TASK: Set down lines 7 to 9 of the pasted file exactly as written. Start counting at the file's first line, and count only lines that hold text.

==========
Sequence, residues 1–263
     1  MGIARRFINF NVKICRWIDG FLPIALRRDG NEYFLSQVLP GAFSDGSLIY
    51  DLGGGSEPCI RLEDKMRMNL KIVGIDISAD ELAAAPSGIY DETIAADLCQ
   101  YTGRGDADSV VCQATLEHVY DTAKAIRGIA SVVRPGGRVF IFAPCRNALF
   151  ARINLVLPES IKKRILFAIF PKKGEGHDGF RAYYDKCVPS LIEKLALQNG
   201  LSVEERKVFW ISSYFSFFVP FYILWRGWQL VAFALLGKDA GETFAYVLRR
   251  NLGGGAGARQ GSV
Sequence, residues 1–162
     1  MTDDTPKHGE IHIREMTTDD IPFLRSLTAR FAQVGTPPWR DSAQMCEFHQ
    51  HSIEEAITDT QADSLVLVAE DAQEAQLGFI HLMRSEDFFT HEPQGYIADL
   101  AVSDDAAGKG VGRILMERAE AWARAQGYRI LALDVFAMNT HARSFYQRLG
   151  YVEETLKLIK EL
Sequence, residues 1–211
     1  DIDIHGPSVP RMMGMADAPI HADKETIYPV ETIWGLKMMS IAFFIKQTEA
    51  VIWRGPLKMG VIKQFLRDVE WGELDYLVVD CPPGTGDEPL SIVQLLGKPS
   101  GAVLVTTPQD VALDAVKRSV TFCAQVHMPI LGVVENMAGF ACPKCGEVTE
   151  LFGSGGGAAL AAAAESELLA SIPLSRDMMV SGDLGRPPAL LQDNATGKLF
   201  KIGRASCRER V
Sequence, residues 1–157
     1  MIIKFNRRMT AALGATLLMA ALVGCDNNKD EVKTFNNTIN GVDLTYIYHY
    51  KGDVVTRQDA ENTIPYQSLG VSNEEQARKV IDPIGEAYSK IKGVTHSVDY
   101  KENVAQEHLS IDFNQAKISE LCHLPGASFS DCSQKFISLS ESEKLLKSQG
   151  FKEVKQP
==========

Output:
   251  NLGGGAGARQ GSV
Sequence, residues 1–162
     1  MTDDTPKHGE IHIREMTTDD IPFLRSLTAR FAQVGTPPWR DSAQMCEFHQ